How to Cope with Cases of Mistaken Identity: MINERvA’s Tale of Pions and Neutrinos

Neutral pion production is a major character in a story of mistaken identity worthy of an Agatha Christie novel.

Image courtesy of Reidar Hahn, Fermilab

Scientists at Fermilab are studying the oscillation of muon neutrinos into electron neutrinos and must rely on certain particle signatures left in the detector. These signatures can sometimes be misread. The MINERvA experiment is studying the possible signatures to help prevent neutrino oscillation experiments from mistaking a particle’s identity.

The Science

First, the cast of characters: Neutrinos, the quarries of the MINERvA experiment, are subtle particles. They come in three types, two of which play a prominent role in this story: the electron neutrino and the muon neutrino. Neutrinos’ behavior could change our understanding of physics and the universe. And they are hard to capture. So scientists do the next best thing: study the particles resulting from neutrinos’ interactions in a detector. Unfortunately, the interactions aren’t always clear signatures. In a situation of innocent deception, electron neutrinos and muon neutrinos can be mistaken. To tamp down on cases of mistaken identity, MINERvA measured the frequency of the signature of a muon neutrino interaction—the emergence of a particle called a muon and a second called a neutral pion. This signature can be easily mistaken for the signature left by an electron neutrino.

The Impact

This measurement lets scientists better identify muon neutrinos masquerading as electron neutrinos. Measuring neutral-pion production at MINERvA also helps scientists understand the relationship between a neutrino's energy and the resulting particles in the detector. One of the biggest problems in oscillation experiments (which look at how neutrinos change from one type into another) occurs when a neutrino of one energy masquerades as a neutrino of another energy. This happens frequently. Why? Two reasons. Some of the particles get stuck inside the nucleus of the detector material, or they transform into other particles. MINERvA’s measurement of neutral pion production is sensitive to these effects and helps theorists improve their models of the nucleus.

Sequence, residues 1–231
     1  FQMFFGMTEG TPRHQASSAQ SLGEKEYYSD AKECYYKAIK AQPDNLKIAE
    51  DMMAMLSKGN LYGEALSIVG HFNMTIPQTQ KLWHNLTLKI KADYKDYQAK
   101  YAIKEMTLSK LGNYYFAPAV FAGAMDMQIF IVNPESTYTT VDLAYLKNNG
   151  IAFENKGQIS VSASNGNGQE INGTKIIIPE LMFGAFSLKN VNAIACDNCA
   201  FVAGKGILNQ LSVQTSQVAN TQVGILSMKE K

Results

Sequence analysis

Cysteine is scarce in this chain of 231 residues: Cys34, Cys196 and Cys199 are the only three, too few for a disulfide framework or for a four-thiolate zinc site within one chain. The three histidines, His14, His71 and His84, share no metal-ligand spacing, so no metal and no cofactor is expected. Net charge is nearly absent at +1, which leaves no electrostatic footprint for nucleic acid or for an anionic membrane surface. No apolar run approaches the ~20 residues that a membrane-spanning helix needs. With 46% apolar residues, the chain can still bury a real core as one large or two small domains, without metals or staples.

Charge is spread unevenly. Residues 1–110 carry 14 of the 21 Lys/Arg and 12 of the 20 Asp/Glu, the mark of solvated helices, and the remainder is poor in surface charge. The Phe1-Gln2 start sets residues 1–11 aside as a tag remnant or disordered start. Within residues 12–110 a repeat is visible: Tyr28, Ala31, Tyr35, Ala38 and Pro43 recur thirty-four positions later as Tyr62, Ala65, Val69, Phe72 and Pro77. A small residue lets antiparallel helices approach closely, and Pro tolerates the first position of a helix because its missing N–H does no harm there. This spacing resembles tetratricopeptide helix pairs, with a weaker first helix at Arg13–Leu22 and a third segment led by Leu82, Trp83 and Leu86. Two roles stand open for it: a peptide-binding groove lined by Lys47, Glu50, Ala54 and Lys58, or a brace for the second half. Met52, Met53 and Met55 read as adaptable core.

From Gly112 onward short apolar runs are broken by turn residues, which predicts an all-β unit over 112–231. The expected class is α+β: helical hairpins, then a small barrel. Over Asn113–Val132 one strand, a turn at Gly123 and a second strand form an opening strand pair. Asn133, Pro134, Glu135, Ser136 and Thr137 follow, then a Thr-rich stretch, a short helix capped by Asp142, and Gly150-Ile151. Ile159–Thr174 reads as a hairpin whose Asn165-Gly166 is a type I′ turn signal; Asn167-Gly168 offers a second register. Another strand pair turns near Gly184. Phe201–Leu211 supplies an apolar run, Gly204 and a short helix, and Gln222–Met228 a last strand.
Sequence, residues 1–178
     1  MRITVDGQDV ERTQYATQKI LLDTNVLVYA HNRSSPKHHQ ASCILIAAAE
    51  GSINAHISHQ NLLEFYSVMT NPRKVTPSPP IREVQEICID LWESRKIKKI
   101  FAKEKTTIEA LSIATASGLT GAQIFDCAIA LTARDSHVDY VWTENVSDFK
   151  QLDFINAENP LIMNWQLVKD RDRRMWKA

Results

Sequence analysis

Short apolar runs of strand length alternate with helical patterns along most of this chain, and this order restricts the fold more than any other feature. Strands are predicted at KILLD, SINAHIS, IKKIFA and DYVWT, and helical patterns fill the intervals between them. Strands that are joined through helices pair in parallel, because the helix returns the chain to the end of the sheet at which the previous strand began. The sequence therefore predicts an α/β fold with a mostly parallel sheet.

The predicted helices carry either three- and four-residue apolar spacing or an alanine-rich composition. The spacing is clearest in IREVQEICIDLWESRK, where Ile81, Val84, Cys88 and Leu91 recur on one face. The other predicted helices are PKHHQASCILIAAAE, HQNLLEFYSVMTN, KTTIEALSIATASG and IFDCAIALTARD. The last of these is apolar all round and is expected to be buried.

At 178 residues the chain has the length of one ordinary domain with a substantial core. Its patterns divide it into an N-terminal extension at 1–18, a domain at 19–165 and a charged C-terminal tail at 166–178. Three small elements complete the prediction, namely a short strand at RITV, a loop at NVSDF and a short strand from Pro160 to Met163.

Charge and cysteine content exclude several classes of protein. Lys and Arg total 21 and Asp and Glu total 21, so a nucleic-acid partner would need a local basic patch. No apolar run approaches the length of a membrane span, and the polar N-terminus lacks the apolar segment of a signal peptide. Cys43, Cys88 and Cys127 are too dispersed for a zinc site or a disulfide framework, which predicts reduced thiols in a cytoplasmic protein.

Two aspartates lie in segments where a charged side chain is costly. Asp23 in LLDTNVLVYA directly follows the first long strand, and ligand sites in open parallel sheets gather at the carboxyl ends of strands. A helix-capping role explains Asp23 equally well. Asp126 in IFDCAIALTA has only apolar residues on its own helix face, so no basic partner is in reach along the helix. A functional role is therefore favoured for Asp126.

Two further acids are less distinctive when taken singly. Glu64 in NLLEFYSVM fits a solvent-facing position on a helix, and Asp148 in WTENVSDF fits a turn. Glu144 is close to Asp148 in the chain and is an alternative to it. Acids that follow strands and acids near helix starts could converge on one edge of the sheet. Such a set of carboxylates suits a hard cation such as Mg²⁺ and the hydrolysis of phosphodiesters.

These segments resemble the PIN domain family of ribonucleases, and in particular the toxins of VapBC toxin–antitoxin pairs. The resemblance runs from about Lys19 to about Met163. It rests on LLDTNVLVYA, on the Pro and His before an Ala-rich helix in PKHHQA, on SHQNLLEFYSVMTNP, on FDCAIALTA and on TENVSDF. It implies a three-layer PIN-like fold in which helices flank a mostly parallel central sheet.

Scientists are working to resolve a case of mistaken identity in the world of physics. They want to disambiguate two types of neutrinos. Oscillation experiments look for electron neutrinos (which leave electrons in their wake) that were originally muon neutrinos (which produce mostly muons). If they see an electron, they know their muon neutrino has oscillated into an electron neutrino. If they see a muon, they conclude the muon neutrino did not oscillate by the time it reached them.

Neutrino interactions—including those of electron neutrinos or muon neutrinos—can also produce electrically neutral pions. Neutral pions sometimes disguise themselves as electrons—the telltale sign that an electron neutrino has passed through—in a particle detector. So when scientists think they have identified electrons, they might actually be looking at pions.

Why does this happen? Pions decay into two photons, particles of light. Consider the case in which one photon escapes detection, and the other, as often happens, looks a lot like an electron. This can trick the experiment into counting the arrival of two photons as an electron sighting—therefore identifying a muon neutrino as an electron neutrino. So it seems like the neutrino has oscillated when, really, it has not.

To avoid such misidentification, MINERvA scientists measured how often a neutrino interaction results in a muon and a neutral pion.


Laura Fields
Fermi National Accelerator Laboratory

Deborah Harris                      
Fermi National Accelerator Laboratory


This study was done by members of the MINERvA collaboration using the resources of the Fermi National Accelerator Laboratory (Fermilab), a Department of Energy (DOE), Office of Science, High Energy Physics user facility. Fermilab is managed by Fermi Research Alliance, LLC. These resources included support for the MINERvA construction project; support for construction also was granted by the National Science Foundation (NSF) and by the University of Rochester. Support for participating scientists was provided by NSF and DOE (USA); by CAPES and CNPq (Brazil); by CoNaCyT (Mexico); by Proyecto Basal FB 0821, CONICYT PIA ACT1413, and Fondecyt 3170845 and 11130133 (Chile); by CONCYTEC, DGI-PUCP, and IDI/IGI-UNI (Peru); and by the Latin American Center for Physics. 


O. Altinok, et al., “Measurement of νμ charged-current single π0 production on hydrocarbon in the few-GeV region using MINERvA.” Physical Review D 96, 072003 (2017). [DOI: 10.1103/PhysRevD.96.072003]

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